ReplyDelete
  10. Wonderful News!! I was wondering if the good people at the SWR put identification bands on the released raptors? Would be great to identify one of the FI hawks if they make a return trip home.

    ReplyDelete
  11. HI All,, Chrisbee from NY. Wish i could've come down again to see the kids. Hope next year will provide more enjoyment and education for all of us. I had fun even though it was just a day and will treasure the photos i have.
    Thanks for all your efforts and dedication on the blog Della, and to all the Photogs for their great abilities in documenting the early lives of the eyasses.

    ReplyDelete
  12. Hi! I don't think there is a chance this hawk has any interest in reuniting with its family, as 'anonymous' asked. They are solitary creatures in adulthood, except during breeding and family rearing. So number 3 will start her young adulthood as other young hawks do - on her own, after they leave their family of origin.... Until some dashing male Red Tail catches her eye and they decide to get together to raise a family of their own. I'm sure she will pass on those ferocious hunter genes she got from her dad, to her own eyeasses....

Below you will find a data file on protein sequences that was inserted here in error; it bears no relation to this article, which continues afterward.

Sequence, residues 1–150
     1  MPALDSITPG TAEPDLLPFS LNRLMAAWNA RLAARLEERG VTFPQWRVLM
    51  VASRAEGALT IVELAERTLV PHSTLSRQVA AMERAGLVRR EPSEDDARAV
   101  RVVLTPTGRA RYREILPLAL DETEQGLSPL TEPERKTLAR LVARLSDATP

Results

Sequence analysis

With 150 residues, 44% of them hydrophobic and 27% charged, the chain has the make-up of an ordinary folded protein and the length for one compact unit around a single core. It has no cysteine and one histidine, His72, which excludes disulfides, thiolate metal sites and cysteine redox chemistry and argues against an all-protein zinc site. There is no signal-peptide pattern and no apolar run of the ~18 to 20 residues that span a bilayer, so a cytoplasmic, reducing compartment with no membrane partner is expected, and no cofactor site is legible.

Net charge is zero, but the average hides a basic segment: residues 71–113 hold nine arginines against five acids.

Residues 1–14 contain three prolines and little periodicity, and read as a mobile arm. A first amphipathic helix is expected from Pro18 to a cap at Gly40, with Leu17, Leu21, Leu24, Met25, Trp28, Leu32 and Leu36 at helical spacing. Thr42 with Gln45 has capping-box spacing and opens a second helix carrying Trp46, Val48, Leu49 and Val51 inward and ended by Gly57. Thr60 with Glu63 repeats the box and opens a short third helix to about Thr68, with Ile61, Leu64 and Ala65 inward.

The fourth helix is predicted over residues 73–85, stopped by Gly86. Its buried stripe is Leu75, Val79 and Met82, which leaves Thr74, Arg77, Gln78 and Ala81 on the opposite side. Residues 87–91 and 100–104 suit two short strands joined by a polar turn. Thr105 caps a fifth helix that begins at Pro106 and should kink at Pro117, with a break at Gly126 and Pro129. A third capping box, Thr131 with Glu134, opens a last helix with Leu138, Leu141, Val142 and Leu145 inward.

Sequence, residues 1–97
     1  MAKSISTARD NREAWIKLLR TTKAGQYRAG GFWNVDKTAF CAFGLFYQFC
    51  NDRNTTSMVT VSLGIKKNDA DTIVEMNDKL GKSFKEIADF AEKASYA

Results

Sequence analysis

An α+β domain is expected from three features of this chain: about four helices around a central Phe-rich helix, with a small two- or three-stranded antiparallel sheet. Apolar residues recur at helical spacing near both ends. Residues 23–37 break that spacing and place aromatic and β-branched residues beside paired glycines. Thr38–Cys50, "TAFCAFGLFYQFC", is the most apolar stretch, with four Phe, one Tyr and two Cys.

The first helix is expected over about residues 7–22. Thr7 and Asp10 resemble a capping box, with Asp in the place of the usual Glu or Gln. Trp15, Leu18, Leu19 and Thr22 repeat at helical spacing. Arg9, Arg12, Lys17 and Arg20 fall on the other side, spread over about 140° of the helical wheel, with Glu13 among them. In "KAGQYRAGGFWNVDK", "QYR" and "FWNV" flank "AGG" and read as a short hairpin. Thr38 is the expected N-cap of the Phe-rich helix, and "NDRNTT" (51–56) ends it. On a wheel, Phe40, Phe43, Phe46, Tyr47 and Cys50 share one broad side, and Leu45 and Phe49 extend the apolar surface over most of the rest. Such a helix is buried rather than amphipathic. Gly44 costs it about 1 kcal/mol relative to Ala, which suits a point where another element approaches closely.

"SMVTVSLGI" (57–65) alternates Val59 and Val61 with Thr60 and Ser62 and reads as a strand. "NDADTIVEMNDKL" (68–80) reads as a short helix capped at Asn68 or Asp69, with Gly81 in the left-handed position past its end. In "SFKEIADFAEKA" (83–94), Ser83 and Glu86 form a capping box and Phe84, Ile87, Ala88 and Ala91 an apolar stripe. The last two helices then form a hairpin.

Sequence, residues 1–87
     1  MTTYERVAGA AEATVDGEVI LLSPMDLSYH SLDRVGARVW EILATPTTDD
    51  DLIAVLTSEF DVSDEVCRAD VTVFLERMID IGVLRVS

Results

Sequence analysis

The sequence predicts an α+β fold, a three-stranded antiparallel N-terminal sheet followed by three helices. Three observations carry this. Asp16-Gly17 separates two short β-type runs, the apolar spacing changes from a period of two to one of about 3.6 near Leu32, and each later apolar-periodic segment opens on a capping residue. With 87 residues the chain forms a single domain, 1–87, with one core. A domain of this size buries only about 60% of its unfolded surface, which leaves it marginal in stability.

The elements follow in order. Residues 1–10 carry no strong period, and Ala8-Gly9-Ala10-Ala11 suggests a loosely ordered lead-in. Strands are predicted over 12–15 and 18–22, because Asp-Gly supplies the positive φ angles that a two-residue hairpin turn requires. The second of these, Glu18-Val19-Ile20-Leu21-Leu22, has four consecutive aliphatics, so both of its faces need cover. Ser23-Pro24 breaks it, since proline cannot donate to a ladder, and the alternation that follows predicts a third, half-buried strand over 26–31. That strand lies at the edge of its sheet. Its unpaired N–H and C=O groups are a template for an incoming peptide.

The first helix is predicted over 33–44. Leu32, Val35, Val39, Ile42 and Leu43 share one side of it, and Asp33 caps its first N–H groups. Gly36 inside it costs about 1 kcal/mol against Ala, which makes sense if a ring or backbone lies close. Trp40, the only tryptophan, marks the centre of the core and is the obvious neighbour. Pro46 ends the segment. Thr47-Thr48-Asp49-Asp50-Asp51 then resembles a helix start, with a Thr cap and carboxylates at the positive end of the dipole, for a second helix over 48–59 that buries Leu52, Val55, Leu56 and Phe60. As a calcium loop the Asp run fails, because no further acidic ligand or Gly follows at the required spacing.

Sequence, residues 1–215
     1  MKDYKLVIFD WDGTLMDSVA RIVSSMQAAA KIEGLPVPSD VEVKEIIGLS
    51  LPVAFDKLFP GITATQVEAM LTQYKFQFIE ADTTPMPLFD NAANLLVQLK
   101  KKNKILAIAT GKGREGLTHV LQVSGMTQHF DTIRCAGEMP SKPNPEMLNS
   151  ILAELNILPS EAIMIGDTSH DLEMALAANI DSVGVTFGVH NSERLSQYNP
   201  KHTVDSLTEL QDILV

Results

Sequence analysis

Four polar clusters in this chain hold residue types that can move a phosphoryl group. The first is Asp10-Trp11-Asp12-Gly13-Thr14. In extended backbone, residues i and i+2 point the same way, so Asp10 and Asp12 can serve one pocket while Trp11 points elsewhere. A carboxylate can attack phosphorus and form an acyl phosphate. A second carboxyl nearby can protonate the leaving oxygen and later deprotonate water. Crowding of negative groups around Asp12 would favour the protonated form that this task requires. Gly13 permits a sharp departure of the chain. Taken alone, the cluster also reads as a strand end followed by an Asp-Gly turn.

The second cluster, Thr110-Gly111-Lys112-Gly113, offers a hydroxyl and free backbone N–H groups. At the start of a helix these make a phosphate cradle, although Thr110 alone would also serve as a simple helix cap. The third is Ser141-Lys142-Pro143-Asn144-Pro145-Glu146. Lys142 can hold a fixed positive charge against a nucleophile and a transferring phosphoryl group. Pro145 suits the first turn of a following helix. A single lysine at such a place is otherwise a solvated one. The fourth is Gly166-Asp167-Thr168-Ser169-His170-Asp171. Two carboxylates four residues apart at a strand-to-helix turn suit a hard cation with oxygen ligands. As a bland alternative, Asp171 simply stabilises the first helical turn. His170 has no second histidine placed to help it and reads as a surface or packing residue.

ReplyDelete
  13. Long live Squishy! I am delighted at the happy ending to the 2011 hawk season, and filled with hope for the parents and their offspring. Special thanks to Della for her bringing these stories to us.

    ReplyDelete
  14. Last Sunday (the 11th) John and I went down to the ballfield just in case. There was a huge loud bike event starting right there. No hawks in sight, none along the Parkway. However, we did see a freshly killed rat on the edge of the entrance ramp to Vine St, next to the ballfield. Could have been clipped by a car, or could have been dropped by a hawk...